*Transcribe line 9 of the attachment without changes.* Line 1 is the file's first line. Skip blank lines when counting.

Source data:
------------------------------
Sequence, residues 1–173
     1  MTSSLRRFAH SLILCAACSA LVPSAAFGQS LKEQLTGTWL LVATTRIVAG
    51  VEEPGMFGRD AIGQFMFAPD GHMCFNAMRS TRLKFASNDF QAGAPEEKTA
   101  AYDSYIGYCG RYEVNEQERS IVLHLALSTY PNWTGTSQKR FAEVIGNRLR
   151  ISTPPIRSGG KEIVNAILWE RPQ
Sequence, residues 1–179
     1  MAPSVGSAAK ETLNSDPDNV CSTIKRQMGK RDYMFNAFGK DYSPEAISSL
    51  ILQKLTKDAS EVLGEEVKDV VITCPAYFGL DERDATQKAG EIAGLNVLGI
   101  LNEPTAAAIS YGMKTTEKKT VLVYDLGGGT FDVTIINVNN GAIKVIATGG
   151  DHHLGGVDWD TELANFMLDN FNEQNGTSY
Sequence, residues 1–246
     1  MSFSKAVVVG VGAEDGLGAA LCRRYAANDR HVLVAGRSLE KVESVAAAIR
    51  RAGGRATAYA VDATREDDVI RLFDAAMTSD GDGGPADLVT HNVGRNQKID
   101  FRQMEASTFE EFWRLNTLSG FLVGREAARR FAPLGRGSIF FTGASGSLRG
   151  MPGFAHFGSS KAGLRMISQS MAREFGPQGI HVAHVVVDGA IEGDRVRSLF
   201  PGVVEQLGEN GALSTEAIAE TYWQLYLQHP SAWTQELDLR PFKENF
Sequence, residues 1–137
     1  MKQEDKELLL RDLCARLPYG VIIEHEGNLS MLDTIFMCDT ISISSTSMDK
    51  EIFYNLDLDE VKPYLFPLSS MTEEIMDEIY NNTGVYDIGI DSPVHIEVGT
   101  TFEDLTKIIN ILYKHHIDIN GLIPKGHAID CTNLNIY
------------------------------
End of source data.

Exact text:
   101  LNEPTAAAIS YGMKTTEKKT VLVYDLGGGT FDVTIINVNN GAIKVIATGG